A quantum walk is the quantum mechanical analog of a classical random walk, describing the propagation of quantum walkers (photons) through an optical circuit. Because quantum walks generate large-scale quantum superposed states, they can be used for simulating many-body quantum systems and the development of algorithms for quantum computation. Nejadsattari et al. describe the photonic simulation with cyclic quantum systems. With the ability to simulate a variety of different quantum operations and gates, they claim that the versatility of the approach should allow the study of more complex many-body systems.
The first third of the 20th century saw the collapse of many absolutes. Albert Einstein's 1905 special relativity theory eliminated the notion of absolute time, while Kurt Gödel's 1931 incompleteness theorem questioned the notion of absolute mathematical truth. Most profoundly, however, quantum mechanics raised doubts on the notion of absolute objective reality. Is Schrödinger's cat dead or alive? Nearly 100 years after quantum mechanics was introduced, scientists still are not in full agreement on what it means.
IBM continues to push its quantum computing efforts forward and today announced that it will soon make a 53-qubit quantum computer available to clients of its IBM Q Network. The new system, which is scheduled to go online in the middle of next month, will be the largest universal quantum computer available for external use yet. The new machine will be part of IBM's new Quantum Computation Center in New York State, which the company also announced today. The new center, which is essentially a data center for IBM's quantum machines, will also feature five 20-qubit machines, but that number will grow to 14 within the next month. IBM promises a 95% service availability for its quantum machines.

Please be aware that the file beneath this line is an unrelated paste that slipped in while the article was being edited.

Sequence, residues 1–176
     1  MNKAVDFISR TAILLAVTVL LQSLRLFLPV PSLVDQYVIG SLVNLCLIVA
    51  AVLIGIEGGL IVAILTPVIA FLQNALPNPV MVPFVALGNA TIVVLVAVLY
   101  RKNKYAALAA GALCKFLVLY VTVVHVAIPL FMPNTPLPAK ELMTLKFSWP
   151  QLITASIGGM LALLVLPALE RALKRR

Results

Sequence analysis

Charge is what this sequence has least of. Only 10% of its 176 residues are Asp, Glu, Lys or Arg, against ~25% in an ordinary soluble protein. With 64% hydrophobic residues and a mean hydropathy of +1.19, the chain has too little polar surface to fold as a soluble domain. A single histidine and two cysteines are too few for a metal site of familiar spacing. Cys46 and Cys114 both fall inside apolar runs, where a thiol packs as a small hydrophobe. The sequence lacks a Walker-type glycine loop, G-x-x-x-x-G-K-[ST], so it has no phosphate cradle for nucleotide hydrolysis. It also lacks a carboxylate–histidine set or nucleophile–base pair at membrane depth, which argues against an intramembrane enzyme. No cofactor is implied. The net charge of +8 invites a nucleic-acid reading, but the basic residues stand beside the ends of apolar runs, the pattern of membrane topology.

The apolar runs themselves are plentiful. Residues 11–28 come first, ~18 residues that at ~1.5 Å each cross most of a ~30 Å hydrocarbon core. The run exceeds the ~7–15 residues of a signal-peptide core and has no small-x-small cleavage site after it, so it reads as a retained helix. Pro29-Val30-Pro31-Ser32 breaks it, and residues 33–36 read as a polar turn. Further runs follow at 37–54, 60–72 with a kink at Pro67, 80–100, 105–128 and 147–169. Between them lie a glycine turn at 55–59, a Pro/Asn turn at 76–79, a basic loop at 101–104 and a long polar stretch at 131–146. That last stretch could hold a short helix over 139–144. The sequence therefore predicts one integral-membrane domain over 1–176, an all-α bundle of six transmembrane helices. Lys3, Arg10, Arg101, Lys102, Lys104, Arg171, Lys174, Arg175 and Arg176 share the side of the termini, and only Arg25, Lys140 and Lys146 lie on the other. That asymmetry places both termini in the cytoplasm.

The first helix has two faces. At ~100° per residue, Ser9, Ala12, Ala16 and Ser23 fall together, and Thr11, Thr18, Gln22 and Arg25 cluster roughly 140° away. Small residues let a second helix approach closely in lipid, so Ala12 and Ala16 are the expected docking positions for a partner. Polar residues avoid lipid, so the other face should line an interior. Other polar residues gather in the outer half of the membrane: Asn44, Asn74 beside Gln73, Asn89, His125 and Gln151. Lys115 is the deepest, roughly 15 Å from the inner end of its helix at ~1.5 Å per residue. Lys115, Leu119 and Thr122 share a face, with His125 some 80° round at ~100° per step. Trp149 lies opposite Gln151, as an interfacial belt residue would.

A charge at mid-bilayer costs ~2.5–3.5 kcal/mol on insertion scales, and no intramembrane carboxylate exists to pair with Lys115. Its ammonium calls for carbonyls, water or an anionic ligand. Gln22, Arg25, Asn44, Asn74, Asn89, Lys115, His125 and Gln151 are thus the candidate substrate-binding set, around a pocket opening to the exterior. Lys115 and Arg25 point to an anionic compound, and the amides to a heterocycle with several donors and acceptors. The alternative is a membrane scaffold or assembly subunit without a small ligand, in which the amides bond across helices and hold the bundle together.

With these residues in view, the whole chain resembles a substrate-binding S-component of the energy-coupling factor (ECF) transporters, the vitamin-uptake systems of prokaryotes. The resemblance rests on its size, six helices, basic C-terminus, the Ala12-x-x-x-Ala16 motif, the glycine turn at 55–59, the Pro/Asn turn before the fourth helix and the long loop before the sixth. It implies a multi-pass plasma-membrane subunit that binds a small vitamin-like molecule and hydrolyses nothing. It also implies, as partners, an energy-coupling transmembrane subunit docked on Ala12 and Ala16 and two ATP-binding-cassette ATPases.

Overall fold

One of the ways that intelligent computers and Artificial Intelligence (AI) platforms "think" is by analysing the relationships between and within large sets of data. Now, using a new type of Quantum Machine Learning (QML) algorithm, an international team have demonstrated that quantum computers can analyse a far wider array of data types than was previously expected. The details of the team's new "Quantum Linear System Algorithm," or QLSA, was published in Arvix, and in the future it could help crunch numbers on problems as varied as commodities pricing, social networks and chemical structures, and usher in a new era of Quantum AI. "Previous quantum algorithms only worked on very specific types of problem. We needed an upgrade if we want to achieve a quantum speed up for other data," said Zhikuan Zhao, who co-authored the paper, and that's exactly what he, and his colleagues, Anupam Prakash at the Centre for Quantum Technologies in Singapore, and Leonard Wossnig from ETH Zurich and the University of Oxford, have done. QLSA's were first proposed in 2009 by a different group of researchers and since then the idea's helped kick start research into new exotic forms of AI such as Quantum Artificial Intelligence (QAI), which gradually I'm seeing more and more research papers reference.
Artificial intelligence has a sort of buzzword recently, and one that could be put to use in a varied number of fields. In the same manner, quantum computing has also generated newfound interest as a technological game-changer -- one that could, among many uses, improve cybersecurity and even build a new internet. While both have certainly gone a long way in terms of recent developments, both aren't yet as perfect as most want them to be.